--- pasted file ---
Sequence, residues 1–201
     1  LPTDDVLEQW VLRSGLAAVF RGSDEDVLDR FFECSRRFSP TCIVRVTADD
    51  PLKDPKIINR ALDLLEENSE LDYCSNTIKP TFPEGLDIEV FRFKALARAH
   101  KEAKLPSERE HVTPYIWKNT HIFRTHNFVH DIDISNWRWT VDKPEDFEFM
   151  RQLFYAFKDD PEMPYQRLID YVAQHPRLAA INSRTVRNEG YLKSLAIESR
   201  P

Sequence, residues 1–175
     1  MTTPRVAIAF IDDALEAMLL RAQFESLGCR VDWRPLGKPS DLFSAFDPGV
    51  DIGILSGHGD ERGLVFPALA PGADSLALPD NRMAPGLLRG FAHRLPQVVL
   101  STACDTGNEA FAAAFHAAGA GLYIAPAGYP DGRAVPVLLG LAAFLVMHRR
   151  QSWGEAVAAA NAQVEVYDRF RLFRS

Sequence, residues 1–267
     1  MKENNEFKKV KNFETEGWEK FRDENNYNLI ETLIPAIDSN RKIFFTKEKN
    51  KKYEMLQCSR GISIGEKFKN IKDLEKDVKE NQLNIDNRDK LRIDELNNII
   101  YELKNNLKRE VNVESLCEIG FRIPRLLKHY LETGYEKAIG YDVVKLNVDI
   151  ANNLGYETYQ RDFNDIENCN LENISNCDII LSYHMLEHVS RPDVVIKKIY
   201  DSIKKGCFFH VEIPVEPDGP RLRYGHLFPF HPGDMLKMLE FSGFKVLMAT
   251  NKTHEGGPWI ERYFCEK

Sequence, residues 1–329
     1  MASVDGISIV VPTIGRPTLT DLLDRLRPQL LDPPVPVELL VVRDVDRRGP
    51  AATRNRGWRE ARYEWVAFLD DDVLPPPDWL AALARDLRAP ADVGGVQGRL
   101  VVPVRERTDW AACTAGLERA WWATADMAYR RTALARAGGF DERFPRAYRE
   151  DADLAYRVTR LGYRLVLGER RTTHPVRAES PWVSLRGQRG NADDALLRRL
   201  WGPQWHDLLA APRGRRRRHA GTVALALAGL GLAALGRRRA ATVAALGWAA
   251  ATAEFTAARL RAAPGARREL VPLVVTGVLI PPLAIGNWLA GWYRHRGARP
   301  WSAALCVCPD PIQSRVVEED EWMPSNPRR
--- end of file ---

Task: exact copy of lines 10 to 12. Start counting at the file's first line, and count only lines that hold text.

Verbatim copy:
   101  STACDTGNEA FAAAFHAAGA GLYIAPAGYP DGRAVPVLLG LAAFLVMHRR
   151  QSWGEAVAAA NAQVEVYDRF RLFRS

Sequence, residues 1–267